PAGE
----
There was a rather important shift in Israel’s religious life that happened with David and his plans for temple worship rather than the older pattern of worship at the Tabernacle: It was that the priests and Levites were re-organized into groups appropriate to the new state of affairs, and no longer strictly based on the original family lines. This reordering was still in effect in the beginning of the New Testament, where we read that Zechariah was a member of the priestly division of Abijah. So we have precedent for not always ‘doing it’ the way it was done in the past.
Today’s highlighted verse:
Pro. 21:30 GNT Human wisdom, brilliance, insight—they are of no help if the Lord is against you.
Matthew’s Gospel was perhaps written as early as 50 AD, and some material was based on Mark’s Gospel. Matthew was probably written by Levi Matthew, the tax collector and the disciple of Jesus. He does not identify himself (similarly to John in John’s Gospel), but if he did, he would have started to do so in chapter 9.
It is clear that Matthew was written for the Jewish audience, and indeed, at the time it was written, the Gospel had not yet gone far among the non-Jews. Again and again Matthew points to fulfillments of Scripture. And at times, especially near the end, he does not bother to use the words “This fulfilled …” but just includes a couple of words that would have been obvious allusions to Scripture for his audience. An odd feature of this gospel is that sometimes ‘one’ thing or person in other Gospels switches to ‘two’ in Matthew. My own original opinion on that feature is this: Every assertion according to the Law needed to be maintained by at least two witnesses. At the times 1 becomes 2, I think Matthew is dropping the hint that he was an eyewitness.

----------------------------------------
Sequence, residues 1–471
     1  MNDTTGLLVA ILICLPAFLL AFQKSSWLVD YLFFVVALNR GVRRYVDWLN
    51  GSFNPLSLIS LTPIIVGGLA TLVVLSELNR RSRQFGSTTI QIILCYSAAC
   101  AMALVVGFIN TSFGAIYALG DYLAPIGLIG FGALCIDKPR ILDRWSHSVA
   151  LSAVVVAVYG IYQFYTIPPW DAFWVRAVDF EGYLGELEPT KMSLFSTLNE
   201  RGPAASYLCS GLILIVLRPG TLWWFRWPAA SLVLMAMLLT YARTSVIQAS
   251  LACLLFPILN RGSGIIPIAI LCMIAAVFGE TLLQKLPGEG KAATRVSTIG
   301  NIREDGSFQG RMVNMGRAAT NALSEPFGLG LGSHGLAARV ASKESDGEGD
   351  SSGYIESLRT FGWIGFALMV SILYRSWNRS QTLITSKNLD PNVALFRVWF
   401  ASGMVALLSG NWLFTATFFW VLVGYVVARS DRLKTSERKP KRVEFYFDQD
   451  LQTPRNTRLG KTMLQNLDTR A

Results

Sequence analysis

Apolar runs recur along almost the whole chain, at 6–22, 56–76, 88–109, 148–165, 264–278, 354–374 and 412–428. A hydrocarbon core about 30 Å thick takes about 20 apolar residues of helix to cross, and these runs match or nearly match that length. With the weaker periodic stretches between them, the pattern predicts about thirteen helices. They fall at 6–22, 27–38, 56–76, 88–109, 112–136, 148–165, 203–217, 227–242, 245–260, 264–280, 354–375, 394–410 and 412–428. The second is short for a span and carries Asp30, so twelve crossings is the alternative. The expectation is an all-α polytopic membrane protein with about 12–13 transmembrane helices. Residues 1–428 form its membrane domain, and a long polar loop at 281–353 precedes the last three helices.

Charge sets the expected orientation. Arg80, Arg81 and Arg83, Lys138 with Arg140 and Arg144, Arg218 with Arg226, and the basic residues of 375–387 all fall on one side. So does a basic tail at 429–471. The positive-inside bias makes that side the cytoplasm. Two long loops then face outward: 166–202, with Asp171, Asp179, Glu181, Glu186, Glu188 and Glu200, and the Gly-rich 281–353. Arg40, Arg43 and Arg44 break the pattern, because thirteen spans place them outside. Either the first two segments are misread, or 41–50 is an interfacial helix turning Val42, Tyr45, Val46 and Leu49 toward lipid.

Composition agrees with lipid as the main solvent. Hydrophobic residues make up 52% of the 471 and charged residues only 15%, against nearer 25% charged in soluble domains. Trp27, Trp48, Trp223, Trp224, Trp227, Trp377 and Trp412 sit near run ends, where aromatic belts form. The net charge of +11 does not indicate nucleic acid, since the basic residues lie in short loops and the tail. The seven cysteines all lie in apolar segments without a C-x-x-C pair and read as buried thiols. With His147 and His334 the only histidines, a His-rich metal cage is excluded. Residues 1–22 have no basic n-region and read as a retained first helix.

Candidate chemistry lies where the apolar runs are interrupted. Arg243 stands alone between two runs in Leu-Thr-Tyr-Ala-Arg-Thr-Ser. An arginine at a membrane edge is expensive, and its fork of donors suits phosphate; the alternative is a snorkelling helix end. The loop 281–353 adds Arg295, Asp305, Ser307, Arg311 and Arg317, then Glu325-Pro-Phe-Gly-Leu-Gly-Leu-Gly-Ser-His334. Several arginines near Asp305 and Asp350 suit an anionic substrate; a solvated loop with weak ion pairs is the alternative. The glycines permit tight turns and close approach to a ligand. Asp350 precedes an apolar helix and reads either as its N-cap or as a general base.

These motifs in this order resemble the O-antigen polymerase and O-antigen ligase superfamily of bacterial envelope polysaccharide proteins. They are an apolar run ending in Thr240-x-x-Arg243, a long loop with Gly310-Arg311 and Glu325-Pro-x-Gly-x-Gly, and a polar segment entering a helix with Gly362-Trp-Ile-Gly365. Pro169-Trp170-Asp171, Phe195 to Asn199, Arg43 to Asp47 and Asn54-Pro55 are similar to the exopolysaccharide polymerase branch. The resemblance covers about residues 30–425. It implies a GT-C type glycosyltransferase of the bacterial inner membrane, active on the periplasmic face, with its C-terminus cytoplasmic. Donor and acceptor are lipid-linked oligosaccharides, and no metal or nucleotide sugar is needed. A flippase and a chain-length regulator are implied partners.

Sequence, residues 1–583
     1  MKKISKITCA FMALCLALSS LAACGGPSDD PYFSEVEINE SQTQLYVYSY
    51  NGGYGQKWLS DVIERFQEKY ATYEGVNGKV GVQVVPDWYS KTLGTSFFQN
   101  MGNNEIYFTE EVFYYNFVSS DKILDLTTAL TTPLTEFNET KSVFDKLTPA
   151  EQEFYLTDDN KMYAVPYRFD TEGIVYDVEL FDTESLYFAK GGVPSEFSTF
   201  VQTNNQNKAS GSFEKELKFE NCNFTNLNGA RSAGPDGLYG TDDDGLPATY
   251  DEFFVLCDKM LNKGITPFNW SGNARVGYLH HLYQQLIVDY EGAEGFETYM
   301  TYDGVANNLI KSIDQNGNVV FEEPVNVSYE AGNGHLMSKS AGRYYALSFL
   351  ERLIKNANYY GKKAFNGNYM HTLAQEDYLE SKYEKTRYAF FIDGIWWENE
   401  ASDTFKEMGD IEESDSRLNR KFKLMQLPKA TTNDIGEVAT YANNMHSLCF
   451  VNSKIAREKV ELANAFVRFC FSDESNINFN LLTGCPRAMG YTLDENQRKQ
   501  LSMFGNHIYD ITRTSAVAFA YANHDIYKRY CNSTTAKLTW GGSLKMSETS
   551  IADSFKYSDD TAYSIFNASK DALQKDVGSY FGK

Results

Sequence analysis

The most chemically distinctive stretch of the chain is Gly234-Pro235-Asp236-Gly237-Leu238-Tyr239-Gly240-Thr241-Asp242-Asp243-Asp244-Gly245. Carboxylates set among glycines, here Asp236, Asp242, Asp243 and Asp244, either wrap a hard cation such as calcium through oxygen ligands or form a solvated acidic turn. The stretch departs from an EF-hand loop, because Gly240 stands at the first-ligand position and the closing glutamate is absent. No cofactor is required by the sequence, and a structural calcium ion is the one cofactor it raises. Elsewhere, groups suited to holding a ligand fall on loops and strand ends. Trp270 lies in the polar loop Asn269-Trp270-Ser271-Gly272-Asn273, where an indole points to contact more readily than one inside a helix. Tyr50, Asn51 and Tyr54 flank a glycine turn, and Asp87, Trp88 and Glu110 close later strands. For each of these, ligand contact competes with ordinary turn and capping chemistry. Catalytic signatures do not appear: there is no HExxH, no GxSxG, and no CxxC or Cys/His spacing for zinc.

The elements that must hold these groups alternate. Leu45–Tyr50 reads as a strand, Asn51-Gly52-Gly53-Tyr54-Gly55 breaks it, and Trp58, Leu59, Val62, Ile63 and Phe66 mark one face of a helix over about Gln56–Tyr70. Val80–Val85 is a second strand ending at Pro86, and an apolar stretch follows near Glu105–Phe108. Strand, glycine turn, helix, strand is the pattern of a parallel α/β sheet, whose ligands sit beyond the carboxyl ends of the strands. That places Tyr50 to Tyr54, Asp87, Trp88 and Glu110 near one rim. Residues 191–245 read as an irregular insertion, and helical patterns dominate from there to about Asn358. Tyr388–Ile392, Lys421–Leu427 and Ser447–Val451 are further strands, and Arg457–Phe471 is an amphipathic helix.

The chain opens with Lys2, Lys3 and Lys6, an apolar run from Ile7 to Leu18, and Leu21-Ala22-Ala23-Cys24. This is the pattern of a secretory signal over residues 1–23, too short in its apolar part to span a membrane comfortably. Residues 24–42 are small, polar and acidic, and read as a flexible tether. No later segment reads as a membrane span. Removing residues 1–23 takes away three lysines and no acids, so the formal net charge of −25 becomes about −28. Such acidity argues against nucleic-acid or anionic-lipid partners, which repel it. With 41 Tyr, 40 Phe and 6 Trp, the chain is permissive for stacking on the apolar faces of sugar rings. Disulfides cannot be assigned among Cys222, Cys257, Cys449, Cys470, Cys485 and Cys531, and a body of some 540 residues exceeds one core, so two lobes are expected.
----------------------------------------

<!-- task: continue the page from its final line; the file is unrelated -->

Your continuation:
I saved Matthew for the last of the Gospels to be read in our reading calendar because I wanted to group together several New Testament books written to the Jewish audience.
Today we will hear the genealogy of Jesus. [Correction] Many commentators think that Matthew traces Jesus’ genealogy through Joseph, while Luke traces through Mary. There are hidden treasures to look for in both genealogies.
GNT Translation note:
Mat. 1:18 This was how the birth of Jesus Christ took place. His mother Mary was engaged to Joseph, but before they were married, she found out that she was going to have a baby [supernaturally caused] by the Holy Spirit.
[The meaning is not that the Holy Spirit told Mary about her pregnancy, but that she conceived the baby by the Holy Spirit. The Holy Spirit can rightly be called the Father of the baby, but this was not fathership through a sexual union of any sort with God the Spirit.]
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